Aside from his hit “Two Fingers,” England’s highly touted rock wunderkind hasn’t been lost in translation on this side of the Atlantic.
It’s the kind of hit song that takes on new life in concert, with rowdy, caution-to-the-wind lyrics that spawn boisterous sing-alongs. Now if British rock wunderkind Jake Bugg could only teach American audiences the proper hand salute alluded to in his breakout hit “Two Fingers.”
“It’s great when everybody starts singing along and all that, but over there they always throw up their fingers the wrong way,” Bugg explained with a friendly laugh. “That’s cool, though. I got nothing against the peace sign.”
England’s biggest new rock star at a mere 19, Bugg is actually singing about the backwards-turned two-finger gesture that is his country’s answer to flipping the bird. You know, the sort of gesture he would want to make to all the British tabloid photographers who stalked the “new Dylan” singer when he was dating “new Kate Moss” model Cara Delevingne last year.
Bugg’s thick Nottingham accent and mannerisms offered an equally sharp dose of Britishness in a phone interview last week from London, where he was resting up at a hotel while waiting to shove off for a U.S. tour that lands Friday at First Avenue.
“It’s got PlayStation,” he happily reported of his temporary London digs. “I’m basically homeless at this point, but it’s all right. I’m getting to see the world instead.”
Bugg went from playing a BBC-sponsored new-talent slot at 2011’s Glastonbury Festival — back when he was still living with his mum — to an act listed near the top of major festival lineups on both sides of the Atlantic in 2013. In between, his self-titled debut album landed a No. 1 U.K. chart position and earned oodles of critical praise stateside.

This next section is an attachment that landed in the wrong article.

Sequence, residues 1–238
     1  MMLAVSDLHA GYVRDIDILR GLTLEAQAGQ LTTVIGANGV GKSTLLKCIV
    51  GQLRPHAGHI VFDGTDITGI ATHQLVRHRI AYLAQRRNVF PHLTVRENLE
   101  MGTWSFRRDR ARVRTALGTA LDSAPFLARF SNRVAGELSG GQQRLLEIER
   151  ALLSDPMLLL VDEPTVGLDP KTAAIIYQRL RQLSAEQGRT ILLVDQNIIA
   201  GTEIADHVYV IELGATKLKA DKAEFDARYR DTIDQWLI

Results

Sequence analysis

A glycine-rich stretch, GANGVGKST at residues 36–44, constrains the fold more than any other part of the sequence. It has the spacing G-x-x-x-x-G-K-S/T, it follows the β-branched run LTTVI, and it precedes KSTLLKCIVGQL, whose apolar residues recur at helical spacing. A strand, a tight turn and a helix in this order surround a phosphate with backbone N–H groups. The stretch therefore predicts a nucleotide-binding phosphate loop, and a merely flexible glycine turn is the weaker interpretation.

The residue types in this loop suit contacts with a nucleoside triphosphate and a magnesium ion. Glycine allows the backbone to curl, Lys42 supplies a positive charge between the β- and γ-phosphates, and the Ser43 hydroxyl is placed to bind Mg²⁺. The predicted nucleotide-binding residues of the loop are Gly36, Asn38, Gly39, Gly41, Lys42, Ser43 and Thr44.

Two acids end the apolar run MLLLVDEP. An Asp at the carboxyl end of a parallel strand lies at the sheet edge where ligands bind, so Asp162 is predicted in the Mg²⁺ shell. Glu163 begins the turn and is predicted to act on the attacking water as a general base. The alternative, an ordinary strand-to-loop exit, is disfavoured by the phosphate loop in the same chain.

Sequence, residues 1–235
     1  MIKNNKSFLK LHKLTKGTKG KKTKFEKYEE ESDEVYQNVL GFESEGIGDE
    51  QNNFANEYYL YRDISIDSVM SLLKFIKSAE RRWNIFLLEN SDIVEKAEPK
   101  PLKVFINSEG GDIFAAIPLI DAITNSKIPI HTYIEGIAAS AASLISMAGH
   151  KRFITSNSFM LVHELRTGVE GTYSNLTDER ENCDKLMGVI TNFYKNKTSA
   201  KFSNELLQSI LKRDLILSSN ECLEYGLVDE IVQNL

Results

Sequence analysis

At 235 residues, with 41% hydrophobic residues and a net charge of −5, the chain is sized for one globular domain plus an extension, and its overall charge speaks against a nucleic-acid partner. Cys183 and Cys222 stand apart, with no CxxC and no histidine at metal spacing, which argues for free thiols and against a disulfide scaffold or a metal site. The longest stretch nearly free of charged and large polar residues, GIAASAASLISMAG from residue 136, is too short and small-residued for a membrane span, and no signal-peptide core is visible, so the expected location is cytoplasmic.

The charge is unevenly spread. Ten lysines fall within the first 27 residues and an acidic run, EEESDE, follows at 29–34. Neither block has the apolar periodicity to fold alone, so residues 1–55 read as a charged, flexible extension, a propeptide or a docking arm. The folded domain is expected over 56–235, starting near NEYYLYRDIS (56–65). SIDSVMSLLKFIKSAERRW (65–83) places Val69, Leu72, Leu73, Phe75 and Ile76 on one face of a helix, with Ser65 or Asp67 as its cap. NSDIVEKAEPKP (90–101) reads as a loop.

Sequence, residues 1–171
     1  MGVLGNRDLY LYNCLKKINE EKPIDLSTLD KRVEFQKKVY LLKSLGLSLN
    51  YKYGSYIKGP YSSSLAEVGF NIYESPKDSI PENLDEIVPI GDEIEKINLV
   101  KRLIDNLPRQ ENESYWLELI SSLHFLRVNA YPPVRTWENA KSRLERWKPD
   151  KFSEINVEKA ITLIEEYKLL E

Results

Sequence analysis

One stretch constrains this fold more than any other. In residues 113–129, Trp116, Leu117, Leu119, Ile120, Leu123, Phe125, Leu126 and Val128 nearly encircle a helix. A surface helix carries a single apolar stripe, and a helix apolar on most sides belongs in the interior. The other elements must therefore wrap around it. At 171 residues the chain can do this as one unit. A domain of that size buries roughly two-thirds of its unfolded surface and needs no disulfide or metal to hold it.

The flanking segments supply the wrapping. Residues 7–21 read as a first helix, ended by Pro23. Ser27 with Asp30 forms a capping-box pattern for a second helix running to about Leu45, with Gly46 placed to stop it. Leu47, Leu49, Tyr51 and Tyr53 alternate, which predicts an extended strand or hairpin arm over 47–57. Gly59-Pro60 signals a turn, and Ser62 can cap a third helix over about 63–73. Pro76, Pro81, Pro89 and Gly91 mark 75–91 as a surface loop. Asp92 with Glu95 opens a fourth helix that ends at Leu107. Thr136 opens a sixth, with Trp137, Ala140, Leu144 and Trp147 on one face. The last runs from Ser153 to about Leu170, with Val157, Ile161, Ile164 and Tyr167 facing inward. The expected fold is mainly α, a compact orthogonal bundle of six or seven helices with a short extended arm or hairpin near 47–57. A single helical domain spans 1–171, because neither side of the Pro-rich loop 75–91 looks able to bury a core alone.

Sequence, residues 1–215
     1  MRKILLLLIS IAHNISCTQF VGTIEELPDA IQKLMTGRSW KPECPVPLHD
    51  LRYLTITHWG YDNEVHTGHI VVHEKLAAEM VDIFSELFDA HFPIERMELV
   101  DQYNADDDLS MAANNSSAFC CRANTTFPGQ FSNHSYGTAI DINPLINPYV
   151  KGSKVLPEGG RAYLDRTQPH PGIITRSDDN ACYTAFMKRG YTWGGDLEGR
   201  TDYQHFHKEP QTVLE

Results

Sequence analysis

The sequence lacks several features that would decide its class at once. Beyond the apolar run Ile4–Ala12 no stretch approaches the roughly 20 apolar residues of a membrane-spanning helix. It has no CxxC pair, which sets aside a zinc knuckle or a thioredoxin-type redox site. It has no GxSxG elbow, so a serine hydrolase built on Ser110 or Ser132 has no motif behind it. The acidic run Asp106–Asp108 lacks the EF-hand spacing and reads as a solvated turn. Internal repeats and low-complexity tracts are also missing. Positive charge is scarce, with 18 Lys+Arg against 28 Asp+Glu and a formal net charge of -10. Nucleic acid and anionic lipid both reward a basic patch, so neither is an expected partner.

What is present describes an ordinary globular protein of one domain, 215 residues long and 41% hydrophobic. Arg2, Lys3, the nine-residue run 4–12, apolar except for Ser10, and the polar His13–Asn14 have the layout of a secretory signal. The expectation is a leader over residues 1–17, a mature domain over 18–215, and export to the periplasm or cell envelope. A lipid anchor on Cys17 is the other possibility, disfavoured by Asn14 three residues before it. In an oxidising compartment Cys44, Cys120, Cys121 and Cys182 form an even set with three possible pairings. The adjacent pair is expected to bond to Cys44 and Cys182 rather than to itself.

While his raw delivery and nasal singing style vaguely recollect a young Bob Dylan, Bugg more accurately draws a line from American rock and English skiffle acts of the 1950s-60s to 1980s-90s Brit-rockers, such as the Smiths and Oasis (whose Noel Gallagher has sung the young lad’s praise).
One more way he resembles Dylan and early rock ’n’ rollers: Bugg didn’t go two to three years between albums, like a lot of today’s burgeoning new acts do. His sophomore album, “Shangri La,” arrived in November just a year after the first one, with omnipresent producer Rick Rubin’s credit stamped on it.
“I wasn’t making a statement. I just wanted to get the record out when it was done,” he said flatly.
Made in a Suburban studio
“Shangri La” is named after the renowned beachside studio/house in Malibu, Calif., which Rubin bought a year or two ago from none other than Minneapolis rocker Beej Chaney of the Suburbs.
In the ’70s Shangri La played host to Bob Dylan, Eric Clapton and the Band (the kitchen interview scenes in “The Last Waltz” were filmed there). Kanye West also worked there with Rubin on the “Yeezus” album.
“You can’t help but think what it was like back in the day when the Band were working there and all that,” Bugg said, “but for me, it was really strange and wonderful in a different way.
“Going to Los Angeles to record was a wild thing for me, but then [Shangri La] is way out there and sort of cut off from the rest of the world. After traveling around the world for a year, the peaceful setting of it was really a strange feeling for me personally, in a good way.”
Aside from a couple of lovely forays into mellower territory — the dramatic “A Song About Love” is especially a keeper — there’s little that’s peaceful about the songs on the new album. Bugg continues to write in gritty detail about the juvenile-delinquent adventures and crime-filled hardships he experienced in Clifton, a section of Nottingham lined with low-income housing.
“Sometimes you feel you’re up against the world,” he snarls in the choppy first single, “What Doesn’t Kill You,” which recounts a violent mugging. In another standout track, “Messed Up Kids,” he paints an especially ugly picture of his youth:
“The messed up kids are on the corner with no money / They sell their time, they sell their drugs, they sell their body / And everywhere I see a sea of empty pockets / Beautiful girls with eyes so dark within their sockets.”